Document Type

Article

Media Type

Text

Abstract

The vast majority of federal criminal defendants resolve their cases by plea bargaining, with minimal judicial input or oversight. This presents significant issues concerning transparency, fairness, and effective sentencing. Federal prosecutors strongly influence sentences by the charges they select. The parties bargain informally outside of court and strike a deal. But defendants often plead guilty without a realistic understanding of their likely sentencing exposure. Instead, they plead guilty based on their best guess as to how judges will resolve certain issues and their own fear that they could get an unspecified but severe post-trial sentence. The judge is often reluctant to reject the parties’ deal, partly because the judge may have little information about the case, and partly because the judge lacks the resources for courtroom-clogging jury trials. What is needed is a public, court-supervised, advocacy procedure early in the case to guide the parties in considering key sentencing issues and fashioning a just and reasonable sentence based on the judge’s feedback. This article explores a proposed procedure that would do just that. Early in the case, and upon the defendant’s request, the parties would litigate a pre-plea motion procedure similar to sentencing proceedings. As part of those proceedings, a pre-plea, pre-sentence report would be prepared with input from the parties. The motion would educate the judge about the case and enable the judge to issue two indicated sentences: one for if the defendant pleaded guilty as charged, and another for if the defendant were convicted at trial. This increased judicial participation through a regularized, advocacy procedure would allow judges to help frame the parties’ discussion of sentencing issues and likely sentencing consequences earlier in the case, all without involving the judge in the parties’ plea discussions. Several benefits would flow from this: the plea bargaining process would become more transparent, resulting in increased public accountability; the defense attorney would have greater incentives to properly investigate and present key issues; and the defendant could make a more informed decision about whether and on what terms to plead guilty. In short, plea bargaining is here to stay, but criminal justice would be greatly improved by bringing more of the plea bargaining process back into the courtroom where the judge could help frame the key issues for the parties.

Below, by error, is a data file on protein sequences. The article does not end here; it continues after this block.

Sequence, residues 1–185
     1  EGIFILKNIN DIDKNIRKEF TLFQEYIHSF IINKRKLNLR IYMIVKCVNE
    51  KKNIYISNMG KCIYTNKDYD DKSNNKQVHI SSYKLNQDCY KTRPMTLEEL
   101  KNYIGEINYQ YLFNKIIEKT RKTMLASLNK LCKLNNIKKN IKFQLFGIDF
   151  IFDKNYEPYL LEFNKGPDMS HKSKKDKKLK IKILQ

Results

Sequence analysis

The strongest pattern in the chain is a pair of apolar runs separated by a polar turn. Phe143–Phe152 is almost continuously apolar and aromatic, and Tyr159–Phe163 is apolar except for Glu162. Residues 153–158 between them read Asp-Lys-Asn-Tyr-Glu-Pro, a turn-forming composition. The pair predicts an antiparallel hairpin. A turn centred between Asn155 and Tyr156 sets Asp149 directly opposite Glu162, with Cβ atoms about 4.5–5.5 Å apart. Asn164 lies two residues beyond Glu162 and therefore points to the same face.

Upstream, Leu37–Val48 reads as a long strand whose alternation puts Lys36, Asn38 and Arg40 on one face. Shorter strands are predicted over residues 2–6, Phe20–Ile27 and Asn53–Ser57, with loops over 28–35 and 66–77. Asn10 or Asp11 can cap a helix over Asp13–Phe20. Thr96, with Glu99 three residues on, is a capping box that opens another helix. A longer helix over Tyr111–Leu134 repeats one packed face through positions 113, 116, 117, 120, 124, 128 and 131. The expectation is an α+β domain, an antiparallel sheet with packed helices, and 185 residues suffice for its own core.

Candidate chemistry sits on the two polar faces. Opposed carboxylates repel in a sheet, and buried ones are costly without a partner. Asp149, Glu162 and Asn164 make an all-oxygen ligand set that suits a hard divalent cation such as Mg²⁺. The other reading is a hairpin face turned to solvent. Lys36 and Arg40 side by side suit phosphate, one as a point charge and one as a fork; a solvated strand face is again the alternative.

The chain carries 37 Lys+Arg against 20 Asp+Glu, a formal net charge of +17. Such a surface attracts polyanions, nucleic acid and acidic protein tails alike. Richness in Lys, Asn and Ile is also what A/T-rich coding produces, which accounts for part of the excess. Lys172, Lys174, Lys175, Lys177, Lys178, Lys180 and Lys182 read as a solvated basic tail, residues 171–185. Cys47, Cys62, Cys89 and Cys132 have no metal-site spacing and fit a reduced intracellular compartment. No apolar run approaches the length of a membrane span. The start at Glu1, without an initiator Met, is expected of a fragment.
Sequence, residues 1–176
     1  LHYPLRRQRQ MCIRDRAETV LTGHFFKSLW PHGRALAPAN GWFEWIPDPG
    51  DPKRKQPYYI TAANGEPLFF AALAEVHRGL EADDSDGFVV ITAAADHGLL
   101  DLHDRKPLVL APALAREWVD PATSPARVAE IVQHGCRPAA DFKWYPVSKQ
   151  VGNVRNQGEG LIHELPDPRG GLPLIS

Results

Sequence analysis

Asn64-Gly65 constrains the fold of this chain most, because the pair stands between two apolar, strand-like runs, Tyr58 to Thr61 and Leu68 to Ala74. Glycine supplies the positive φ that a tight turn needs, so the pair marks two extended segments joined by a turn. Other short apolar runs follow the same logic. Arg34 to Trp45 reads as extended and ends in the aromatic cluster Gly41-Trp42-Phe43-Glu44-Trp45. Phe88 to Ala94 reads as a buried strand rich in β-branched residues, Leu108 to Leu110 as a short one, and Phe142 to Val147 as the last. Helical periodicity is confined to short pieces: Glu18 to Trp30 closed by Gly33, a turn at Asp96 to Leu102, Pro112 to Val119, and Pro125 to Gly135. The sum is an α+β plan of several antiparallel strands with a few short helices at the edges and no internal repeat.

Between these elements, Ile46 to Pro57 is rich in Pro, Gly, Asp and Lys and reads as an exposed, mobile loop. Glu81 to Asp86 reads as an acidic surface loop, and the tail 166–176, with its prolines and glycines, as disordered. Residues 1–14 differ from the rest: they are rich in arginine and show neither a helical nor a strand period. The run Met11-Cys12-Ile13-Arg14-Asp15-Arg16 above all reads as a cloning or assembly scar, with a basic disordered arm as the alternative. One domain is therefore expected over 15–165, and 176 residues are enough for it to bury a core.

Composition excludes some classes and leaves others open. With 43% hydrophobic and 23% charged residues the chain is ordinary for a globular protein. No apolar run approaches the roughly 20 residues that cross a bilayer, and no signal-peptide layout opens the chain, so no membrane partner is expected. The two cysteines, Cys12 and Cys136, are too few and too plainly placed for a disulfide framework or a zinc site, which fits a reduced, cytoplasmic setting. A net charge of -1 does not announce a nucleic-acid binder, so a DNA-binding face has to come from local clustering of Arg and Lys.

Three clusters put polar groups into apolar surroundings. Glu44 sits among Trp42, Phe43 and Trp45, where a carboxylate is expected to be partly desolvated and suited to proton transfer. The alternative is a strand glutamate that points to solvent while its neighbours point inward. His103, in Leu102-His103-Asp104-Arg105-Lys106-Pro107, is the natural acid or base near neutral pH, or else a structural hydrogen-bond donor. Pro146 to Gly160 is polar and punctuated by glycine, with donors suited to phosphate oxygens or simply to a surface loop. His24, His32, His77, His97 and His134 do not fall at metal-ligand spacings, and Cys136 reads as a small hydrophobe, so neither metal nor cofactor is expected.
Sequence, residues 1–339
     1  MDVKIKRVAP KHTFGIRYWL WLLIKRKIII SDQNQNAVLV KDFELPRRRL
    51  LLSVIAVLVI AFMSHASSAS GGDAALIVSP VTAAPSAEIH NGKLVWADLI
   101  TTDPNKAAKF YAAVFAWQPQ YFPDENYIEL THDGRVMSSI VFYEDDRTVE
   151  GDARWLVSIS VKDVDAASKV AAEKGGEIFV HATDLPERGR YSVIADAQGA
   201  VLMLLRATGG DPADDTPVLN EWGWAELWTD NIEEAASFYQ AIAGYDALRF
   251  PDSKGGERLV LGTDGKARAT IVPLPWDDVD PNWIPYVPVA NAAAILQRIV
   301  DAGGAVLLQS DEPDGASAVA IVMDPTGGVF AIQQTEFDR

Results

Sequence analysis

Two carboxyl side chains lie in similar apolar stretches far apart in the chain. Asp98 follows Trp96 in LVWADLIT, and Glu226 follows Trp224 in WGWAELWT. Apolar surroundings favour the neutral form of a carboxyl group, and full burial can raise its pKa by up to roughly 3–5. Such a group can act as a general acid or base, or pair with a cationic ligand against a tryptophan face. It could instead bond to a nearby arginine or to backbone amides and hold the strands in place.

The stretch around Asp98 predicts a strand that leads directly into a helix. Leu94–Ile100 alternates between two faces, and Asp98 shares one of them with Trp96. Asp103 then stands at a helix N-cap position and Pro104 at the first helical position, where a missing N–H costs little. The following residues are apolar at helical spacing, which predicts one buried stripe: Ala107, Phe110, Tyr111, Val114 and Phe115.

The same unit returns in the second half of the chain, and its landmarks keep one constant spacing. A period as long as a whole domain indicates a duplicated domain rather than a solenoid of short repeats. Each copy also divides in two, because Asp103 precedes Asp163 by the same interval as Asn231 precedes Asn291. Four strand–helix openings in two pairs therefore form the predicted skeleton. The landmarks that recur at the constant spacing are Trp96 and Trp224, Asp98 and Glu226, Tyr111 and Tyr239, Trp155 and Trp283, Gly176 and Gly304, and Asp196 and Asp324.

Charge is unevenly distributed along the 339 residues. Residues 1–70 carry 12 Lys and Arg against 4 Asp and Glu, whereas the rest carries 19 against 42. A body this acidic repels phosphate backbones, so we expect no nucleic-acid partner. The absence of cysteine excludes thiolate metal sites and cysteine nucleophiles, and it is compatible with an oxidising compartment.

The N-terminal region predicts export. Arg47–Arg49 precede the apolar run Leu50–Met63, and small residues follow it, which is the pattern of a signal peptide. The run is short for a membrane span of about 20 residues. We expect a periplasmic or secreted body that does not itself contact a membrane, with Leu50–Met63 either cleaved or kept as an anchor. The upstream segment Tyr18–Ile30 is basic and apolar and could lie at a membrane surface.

Publication Date

1-1-2015

Department

College of Law

Language

eng

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